Kimrandy1...I was not attacking you. I was just pointing out the difference between what you said and what the article said. The situation was different.
     
  14. Cerek

    Cerek Aficionado

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    Feb 18, 2010

    The best I could tell from the article, the superintendent and central office aren't included in the firing. In fact, the superintendent is the one doing the firing and the only ones affected are the staff at the high school in question.

    I admit it's unfortunate things came to this. It sounds like the teachers there are dedicated to (and loved by) the students. But this is a case where having a union went against them instead of for them, because the union was the one that refused to accept the increased working conditions.

    Let me correct that - the union was willing to accept the new condtions as long as the teachers got a big pay raise to go with these new conditions. When the teachers are already making an average salary that is 3.5 times the median salary of other members in the community, that is a case of cutting your nose off to spite your face.

    I know the advantages of a union can be very good when the school or admin is being unreasonable, but this time it was the union that was being unreasonable, IMHO.
     
  15. stephenpe

    stephenpe Connoisseur

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    Feb 18, 2010

    I found that on another forum. I thought they should have agreed to the new requirements. It did not sound horrible.
    That said, someone said they should have compared the salaries to other professionals in the area not just to the average over all. I would love to make 70+K and would gladly do what they asked me.
     
  16. HeatherY

    HeatherY Habitué

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    I was reading this on another forum as well. Someone calculated out all the additional hours they were being asked to work and it amounted to almost another month of work with all the extra hours and duties. The amount of compensation was not equal to a month of pay. I don't think it is fair to ask someone to give that much time and not be compensated. What other industry would ask that?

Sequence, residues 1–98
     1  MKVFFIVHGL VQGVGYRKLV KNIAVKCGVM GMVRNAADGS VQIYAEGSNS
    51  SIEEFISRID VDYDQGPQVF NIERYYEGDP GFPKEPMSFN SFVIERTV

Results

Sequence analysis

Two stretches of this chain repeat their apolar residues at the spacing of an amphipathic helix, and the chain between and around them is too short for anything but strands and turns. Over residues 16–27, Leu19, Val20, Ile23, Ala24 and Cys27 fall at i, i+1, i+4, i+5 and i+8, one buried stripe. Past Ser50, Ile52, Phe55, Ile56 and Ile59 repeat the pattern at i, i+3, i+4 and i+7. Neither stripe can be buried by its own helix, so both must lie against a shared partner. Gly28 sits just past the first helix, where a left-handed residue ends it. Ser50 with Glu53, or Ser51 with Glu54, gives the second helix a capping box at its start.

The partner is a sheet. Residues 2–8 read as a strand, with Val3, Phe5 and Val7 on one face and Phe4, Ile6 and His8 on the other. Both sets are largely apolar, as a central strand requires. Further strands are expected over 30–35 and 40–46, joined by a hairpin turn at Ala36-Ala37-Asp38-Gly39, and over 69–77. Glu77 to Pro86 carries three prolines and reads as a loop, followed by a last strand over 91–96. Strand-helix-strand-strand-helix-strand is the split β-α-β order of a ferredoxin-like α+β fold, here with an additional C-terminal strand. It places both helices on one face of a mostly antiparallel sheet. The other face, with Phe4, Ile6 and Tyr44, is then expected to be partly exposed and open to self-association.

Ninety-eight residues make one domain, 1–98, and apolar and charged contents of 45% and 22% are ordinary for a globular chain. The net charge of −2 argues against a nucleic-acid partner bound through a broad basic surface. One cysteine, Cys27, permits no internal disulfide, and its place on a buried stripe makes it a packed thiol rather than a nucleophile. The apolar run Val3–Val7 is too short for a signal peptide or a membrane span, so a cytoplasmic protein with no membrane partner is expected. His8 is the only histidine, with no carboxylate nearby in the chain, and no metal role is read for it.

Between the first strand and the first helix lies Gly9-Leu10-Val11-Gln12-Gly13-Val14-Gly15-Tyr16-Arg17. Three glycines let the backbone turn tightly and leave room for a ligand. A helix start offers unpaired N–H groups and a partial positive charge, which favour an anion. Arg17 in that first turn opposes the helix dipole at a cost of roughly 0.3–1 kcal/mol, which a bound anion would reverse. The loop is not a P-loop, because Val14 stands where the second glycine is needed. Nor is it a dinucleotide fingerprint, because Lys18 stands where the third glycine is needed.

17. Cerek

    Cerek Aficionado

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    They were already making 3.5 times the amount others in the same area make. Their compensation was well above the norm for the town and the results of their work were incredibly below par for the state.

    In other industries, if you are being paid extremely well for your job but not producing results equivalent to your pay, you either lose your job or you improve the work you're doing. You do NOT get another pay raise to compensate you for improving your work. Keeping your job is the compensation, instead of being fired or given a pay cut for not producing the required results.

    It sounds like the teachers were willing to do the extra work needed to help students. It also sounds like many of them were already doing this on their own. Yes, it would have been nice to be paid for that extra effort, but they were already making more than 3 moms or dads in their town (on average). They have to be aware of the reality in their area and the reality is they were being paid very well already.
     
  18. HMM

    HMM Cohort

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    So? Your really can't compare to the overall median income in the area. I'm curious what the median professional income for the area is.


    Given that the teachers are working in an obviously depressed area (median income of 22,000 is very low) they probably have very weak students with little parental involvement in their education. (that tends to be the norm in low income areas)

    Clearly that is not true. Apparently in industry if you do a really bad job then you get a huge bonus and the government hands you an astronomical amount of money to try and fix the mess you and coworkers created.
     
  19. Beth2004

    Beth2004 Maven

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    I just want to respond to the comments about the teachers making 3.5 times the local median income. Central Falls is far from your typical middle-class area. The median income is $22k and only 6% of people 25 or older have a bachelors degree. The teachers SHOULD be making significantly more than what most people are making in that city.
     
  20. 3Sons

    3Sons Enthusiast

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    Feb 18, 2010

    Almost any other industry would ask that.
     
  21. czacza

    czacza Multitudinous

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    Feb 18, 2010

    Sad situation all the way around....
     
  22. kcjo13

    kcjo13 Phenom

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    Feb 18, 2010

    Unfortunately, it is situations such as this that continues to give teachers and their unions a bad reputation among the general public.

    This is clearly not your typical situation, what with the discrepancies in pay, depressed area, etc. I find fault on both sides. Teachers are not robots-our job is to recognize when methods are failing and change. What was it, 4% of students are proficient in math? Really? This is a problem.

    On the other hand, so should administration recognize when changes should be made. This problem did not surface on January 10, 2010. It has been brewing for a long time, and should have been addressed long ago. BEFORE such a drastic change was needed.

    What a depressing thought for the students who have been or are currently being educated by this school. The system has failed them, and that fact cannot be changed.
     
  23. TechGuy

    TechGuy Rookie